2006: Close your eyes and think of your favorite plant.
What do you see? Flowers, leaves, stems, fruit? Very few people
visualize the root system at all. Likewise, most agricultural research
focuses on what is easy to see above the ground—not on what
we can’t see below.
Because of this and the tedious process of taking and measuring
root samples, we conveniently forgo extensive root analysis and
end up de-emphasizing the role that root growth and root physiology
play in producing healthy plants.
Although unseen and under-appreciated, the compelling fact remains:
Without roots there are no shoots.
At The Rodale Institute, we use the motto “Healthy Soil,
Healthy Plants, Healthy People” to focus our mission. Healthy
plants start with their connection to healthy soil in the root zone
or by a connection to the soil through beneficial mycorrhizal fungi.
(For more on mycorrhizae, see Fact
Sheet: Mycorrhizae.) The interface between the soil and the
plant is the zone immediately adjacent to the plants roots or the
mycorrhizae hyphae (long, microsopic strands—up to 18-feet
long—attached to the roots). This zone is known as the rhizosphere.
Here, microorganisms are more numerous, and their activity improves
the structure of the soil. Microorganisms in this zone interact
with roots and mycorrhizal exudates, forming a community which interacts
biologically with parts of the soil.
The survival of naturally growing plants depends on a delicate
balance between the root system and the shoot system. As the top
of the plant grows larger and larger, the leaf area and water loss
through transpiration also increase.
The increased water loss through leaves is compensated by water
absorption from an increasingly active and growing root system.
The enlarging shoot system also requires greater amounts of minerals
that are absorbed by the increasing root system.
Simply put, everything above is supported and nurtured by everything
below. The importance of roots—although not fully appreciated
by humankind—is appreciated by the plant, which dedicates
up to one third of all its food from photosynthesis to root support.
Dr. Francis Zee, a horticulturalist and former colleague at the
USDA’s Agriculture Research Service, proclaimed the balancing
of root and shoot growth has the greatest ability to promote a healthy
plant. The root system comprises a significant portion of the entire
dry weight of any plant—about one quarter to one third, depending
on the functional role or structure of the root.
Roots, aided by protuberances (root hairs) and associated mycorrhizal
fungi, generate a huge soil contact zone facilitating the absorption
of water and minerals, as well as for anchoring and supporting the
plant. Root hair cells and mycorrhizal hyphae are relatively short-lived,
but are present in great numbers. They are rapidly produced as their
tips continuously thrust through the soil exploring for water and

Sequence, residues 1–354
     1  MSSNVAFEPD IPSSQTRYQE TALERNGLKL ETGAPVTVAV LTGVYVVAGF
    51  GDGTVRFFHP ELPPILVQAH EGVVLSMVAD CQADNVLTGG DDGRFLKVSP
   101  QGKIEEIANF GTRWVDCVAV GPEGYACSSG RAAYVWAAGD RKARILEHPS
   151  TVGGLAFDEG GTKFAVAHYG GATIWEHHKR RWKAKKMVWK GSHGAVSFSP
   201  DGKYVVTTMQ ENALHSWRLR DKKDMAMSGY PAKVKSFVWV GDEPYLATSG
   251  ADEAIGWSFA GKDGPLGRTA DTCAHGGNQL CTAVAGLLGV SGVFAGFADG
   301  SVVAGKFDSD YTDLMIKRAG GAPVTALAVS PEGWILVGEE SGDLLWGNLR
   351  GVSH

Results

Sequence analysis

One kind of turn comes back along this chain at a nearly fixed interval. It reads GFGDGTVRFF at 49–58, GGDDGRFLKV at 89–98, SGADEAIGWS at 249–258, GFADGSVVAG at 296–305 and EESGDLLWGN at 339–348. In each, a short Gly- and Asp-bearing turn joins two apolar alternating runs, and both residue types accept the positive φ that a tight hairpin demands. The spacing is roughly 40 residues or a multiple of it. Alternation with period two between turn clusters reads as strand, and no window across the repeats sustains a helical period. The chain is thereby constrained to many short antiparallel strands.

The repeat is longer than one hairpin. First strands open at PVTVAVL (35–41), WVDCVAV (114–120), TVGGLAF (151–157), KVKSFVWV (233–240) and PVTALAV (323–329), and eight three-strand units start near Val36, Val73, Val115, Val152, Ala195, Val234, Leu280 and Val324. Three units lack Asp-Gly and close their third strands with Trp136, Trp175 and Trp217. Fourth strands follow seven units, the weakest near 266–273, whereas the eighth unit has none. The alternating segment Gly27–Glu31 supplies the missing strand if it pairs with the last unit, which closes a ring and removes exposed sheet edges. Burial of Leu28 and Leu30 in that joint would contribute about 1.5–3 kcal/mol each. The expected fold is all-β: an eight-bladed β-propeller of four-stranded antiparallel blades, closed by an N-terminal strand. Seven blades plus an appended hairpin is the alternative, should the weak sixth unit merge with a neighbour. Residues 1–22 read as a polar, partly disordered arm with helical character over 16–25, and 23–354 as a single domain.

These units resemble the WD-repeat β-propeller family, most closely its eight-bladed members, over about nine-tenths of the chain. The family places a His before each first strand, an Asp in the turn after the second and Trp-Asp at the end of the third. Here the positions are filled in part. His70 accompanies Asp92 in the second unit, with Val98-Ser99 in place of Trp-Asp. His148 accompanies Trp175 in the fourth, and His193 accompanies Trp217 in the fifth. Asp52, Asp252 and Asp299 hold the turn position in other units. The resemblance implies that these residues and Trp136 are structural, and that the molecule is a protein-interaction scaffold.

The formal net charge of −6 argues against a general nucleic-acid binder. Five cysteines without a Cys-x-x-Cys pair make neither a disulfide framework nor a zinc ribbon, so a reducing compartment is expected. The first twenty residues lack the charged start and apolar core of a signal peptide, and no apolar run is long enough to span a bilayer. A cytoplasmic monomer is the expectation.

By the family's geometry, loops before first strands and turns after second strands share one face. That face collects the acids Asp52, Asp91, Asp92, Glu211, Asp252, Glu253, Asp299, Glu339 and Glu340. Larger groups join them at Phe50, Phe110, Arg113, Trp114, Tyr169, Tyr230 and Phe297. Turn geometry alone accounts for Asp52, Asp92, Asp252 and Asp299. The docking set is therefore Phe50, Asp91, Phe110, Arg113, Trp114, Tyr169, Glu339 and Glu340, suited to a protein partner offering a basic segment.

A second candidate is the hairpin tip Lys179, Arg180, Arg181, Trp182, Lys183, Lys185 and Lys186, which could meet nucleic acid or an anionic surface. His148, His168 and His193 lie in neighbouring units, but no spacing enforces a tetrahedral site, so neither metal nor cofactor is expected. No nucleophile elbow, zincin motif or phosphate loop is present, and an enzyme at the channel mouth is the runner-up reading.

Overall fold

Work done at The Rodale Institute in collaboration with USDA-ARS
research scientists show that mycorrhizal fungi are an important
and overlooked part of plants root system. Together the root, root
hair and mycorrhizal fungi provide a botanical web not only exploiting
the soil resource but also sensing its condition. Other research
shows that this biological association is extremely important in
providing the catalyst (biochemical boost) for building productive
soil by increasing the soil organic matter. (For more on these processes,
check out Cedar
Meadow Farm Field Day.)
The mycorrhizal hyphal body and a group of specialized cells in
the root form the xylem tissue, which becomes the main pathway for
the transport of water and minerals. All mineral elements are ultimately
absorbed from the soil together with water and are transported upward
through the xylem. Organic acids and chelating agents from the mycorrhizal
fungus allow absorption of materials that are barely absorbable
by the plant alone.
Since the ratio of the different elements in the xylem sap is quite
different from that in the soil, it is clear that mineral uptake
through root cells must be a selective process. Mycorrhizal fungi
have been shown to be extremely important for mobilizing otherwise
immobile nutrients in soil and for extending the web that captures
water for plants in dry environments. While root hairs absorb nutrients
within a 1mm zone around them, with the aid of myccorrhizal fungi
this zone can extend to 10cm.
Several conditions must be satisfied if the green plant is to acquire
adequate quantities of minerals for its growth.
First, the minerals must be in a form suitable for absorption by
the cells of the root. Usually this means they must be dissolved
in the soil solution, but oftentimes they may be released from soil
particles through the solubilizing activity of roots. This shows
the importance of root growth and the spatial distribution of roots
in the soil.
Second, the soil must be well aerated so root cells can carry out
their oxidative process for mineral uptake.
Third, the transport system in the plant must function efficiently
in delivering minerals to the recipient cells.
There is competition for minerals by root absorption versus leaching
minerals through soil as water percolates past the root region.
Hence the deeper and more developed the rooting zone, the more efficient
and effective the plant is in absorbing these soluble nutrients.
By contrast, shallow root zones lead to less spatial opportunity
for the plant to absorb nutrients.
time: Part 2 highlights
long-unreleased research that documents greater root function
under organic systems.